These eight marriage vows are simply a variation on the Four Great Vows that Zen Center residents recite every morning:

Sentient beings are numberless
We vow to save them all.

Delusions are endless
We vow to cut through them all.

The teachings are infinite
We vow to learn them all.

The Buddha Way is inconceivable
We vow to attain it.

The eight vows that Kathy and Andrzej recited sound doable enough, but the Four Great Vows point to the utter impossibility of the task. In vowing to find their true selves and save all beings from suffering, Buddhists commit themselves to a daunting task: a real Mission Impossible. Keeping marriage vows is difficult enough: saving all sentient beings, cutting through endless delusions, learning infinite teachings, and attaining an inconceivable path is, well, inconceivable. And when you stumble out of bed at 5:00 a.m. to recite these vows in a bleary-eyed stupor before hitting the mat to do 108 bows, they seem absurdly unattainable.

The message of any wedding and of practice in general, though, is that you try anyway. The thought that you can stay committed to one person for the rest of your life, through sickness and in health, for better and for worse, and in the face of personal and universal vicissitudes is absurdly preposterous: only someone young, idealistic, or in love would dream it possible. But from time immemorial, people have tried it anyway. It isn’t possible to save all beings from suffering–heck, most days I can’t even save myself from suffering–but I try anyway. One of Zen Master Seung Sahn’s favored sayings rings particularly true in this context: “Try, try, try, 10,000 years nonstop.” Or in another Zen turn of phrase, “Fall down six times, get up seven.” The impossibility of the task doesn’t keep us from trying; in fact, the impossibility of the task is the very reason why we try and why we vow to keep trying.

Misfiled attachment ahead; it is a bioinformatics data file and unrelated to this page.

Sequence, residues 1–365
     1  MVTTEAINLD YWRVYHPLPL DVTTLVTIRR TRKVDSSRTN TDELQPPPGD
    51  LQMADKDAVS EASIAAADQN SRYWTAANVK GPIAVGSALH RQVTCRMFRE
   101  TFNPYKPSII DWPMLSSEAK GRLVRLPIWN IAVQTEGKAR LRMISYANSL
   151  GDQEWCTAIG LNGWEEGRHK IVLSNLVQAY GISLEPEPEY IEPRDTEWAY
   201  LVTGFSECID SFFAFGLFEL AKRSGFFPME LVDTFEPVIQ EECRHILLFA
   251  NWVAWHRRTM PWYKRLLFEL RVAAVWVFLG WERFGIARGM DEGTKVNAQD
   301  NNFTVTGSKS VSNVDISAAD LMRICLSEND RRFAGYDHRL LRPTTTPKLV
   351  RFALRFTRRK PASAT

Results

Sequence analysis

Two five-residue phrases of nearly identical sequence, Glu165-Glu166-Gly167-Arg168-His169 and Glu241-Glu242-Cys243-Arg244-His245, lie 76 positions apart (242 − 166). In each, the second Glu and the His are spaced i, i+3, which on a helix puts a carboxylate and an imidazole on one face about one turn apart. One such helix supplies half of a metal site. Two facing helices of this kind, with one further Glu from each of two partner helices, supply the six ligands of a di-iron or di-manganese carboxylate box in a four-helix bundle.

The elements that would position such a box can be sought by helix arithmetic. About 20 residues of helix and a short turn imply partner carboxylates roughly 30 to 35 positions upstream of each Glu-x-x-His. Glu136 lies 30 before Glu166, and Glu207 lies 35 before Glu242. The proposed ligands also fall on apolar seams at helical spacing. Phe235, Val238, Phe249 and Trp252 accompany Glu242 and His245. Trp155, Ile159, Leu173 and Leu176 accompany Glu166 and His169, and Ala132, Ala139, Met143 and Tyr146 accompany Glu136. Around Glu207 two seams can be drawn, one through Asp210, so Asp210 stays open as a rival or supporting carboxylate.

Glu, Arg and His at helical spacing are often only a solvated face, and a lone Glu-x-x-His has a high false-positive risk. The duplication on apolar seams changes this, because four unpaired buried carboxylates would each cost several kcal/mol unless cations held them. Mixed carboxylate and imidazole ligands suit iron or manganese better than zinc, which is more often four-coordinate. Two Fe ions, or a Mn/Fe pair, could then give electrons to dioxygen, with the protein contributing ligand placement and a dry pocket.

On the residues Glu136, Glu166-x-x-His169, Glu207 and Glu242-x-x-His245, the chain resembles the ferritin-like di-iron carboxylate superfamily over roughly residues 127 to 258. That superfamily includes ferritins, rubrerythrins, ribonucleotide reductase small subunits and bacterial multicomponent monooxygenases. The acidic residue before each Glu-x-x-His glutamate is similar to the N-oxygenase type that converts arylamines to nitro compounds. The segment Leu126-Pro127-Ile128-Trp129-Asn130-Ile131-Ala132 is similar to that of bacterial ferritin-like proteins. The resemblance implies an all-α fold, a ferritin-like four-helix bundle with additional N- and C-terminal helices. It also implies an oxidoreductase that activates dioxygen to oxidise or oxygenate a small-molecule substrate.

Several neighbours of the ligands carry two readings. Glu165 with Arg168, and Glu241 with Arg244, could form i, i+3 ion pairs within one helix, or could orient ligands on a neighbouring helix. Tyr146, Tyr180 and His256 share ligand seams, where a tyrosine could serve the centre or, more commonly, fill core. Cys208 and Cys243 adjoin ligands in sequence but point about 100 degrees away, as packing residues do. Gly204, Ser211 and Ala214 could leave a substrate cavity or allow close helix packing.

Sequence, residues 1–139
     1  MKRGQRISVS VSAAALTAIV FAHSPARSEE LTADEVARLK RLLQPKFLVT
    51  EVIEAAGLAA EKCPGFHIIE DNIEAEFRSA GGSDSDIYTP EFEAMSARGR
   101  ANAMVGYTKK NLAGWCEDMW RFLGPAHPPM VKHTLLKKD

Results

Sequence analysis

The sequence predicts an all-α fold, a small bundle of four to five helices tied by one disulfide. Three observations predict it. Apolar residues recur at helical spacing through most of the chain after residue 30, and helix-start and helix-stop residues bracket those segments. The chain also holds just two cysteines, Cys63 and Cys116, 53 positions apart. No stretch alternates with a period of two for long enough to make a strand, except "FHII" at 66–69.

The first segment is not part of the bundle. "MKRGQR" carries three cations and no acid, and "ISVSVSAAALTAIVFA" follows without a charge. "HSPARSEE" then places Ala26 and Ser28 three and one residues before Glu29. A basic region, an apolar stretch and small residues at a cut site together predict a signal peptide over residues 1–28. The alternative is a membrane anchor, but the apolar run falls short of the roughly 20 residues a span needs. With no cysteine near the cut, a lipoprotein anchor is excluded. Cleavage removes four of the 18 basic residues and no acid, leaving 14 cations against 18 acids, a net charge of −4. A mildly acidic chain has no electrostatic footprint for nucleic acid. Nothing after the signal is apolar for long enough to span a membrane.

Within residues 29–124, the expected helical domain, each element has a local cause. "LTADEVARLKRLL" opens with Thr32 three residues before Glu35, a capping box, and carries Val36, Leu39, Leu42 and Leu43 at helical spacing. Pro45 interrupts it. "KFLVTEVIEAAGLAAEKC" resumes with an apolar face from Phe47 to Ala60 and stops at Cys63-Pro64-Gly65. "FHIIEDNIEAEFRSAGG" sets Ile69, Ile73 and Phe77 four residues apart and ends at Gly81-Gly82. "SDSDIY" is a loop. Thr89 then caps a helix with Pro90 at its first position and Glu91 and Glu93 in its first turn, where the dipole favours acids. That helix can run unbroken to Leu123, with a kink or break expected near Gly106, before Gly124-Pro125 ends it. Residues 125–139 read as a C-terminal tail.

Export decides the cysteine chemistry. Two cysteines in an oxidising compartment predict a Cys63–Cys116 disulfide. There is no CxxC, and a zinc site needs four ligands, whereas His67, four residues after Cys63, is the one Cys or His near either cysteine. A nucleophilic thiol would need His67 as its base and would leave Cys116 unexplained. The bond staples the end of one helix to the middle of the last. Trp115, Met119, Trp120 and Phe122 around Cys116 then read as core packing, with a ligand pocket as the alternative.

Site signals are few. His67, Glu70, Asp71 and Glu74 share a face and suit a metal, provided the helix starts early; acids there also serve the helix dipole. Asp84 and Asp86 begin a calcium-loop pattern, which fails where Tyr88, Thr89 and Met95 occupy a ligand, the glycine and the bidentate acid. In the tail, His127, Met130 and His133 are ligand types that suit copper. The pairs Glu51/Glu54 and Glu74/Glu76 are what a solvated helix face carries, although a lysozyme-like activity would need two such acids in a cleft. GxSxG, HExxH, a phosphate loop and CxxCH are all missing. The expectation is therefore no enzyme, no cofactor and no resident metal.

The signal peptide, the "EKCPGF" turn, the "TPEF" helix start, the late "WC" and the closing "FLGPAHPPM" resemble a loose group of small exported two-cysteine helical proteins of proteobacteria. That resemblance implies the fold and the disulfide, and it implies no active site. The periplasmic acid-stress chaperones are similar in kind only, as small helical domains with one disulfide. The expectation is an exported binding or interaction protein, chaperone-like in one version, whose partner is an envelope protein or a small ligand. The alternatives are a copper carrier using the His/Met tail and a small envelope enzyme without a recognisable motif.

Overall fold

As he and his lovely new bride cut their vegan wedding cake, Andrzej thanked people for coming and reminded us all of a bit of advice Zen Master Seung Sahn once gave a student. “If you want enlightenment, you should become a monk. If you can’t become a monk, get married. And if you can’t get married, go to prison!” The moral of this story, Andrzej pointed out later, is one of commitment: we vow to try, and so we try, and try, and try… “Being married is easy,” my grandfather used to say. “It’s only the first 50 years that are tough.” Zen Master Seung Sahn would agree, I bet. Finding your true self and saving all beings from suffering is easy: it’s only the first 10,000 years or so that’s tough. And so each morning, we renew our own individual vows to practice, to try and to try again, whether married or single, man or woman, monk or layperson. The world is a lovely partner, and each morning (and every moment) we vow to love her and her sentient creatures as best as we possibly can. We have, after all, 10,000 years to get it right.

Congratulations again, Kathy and Andrzej: may you “just do it” for many happy years to come!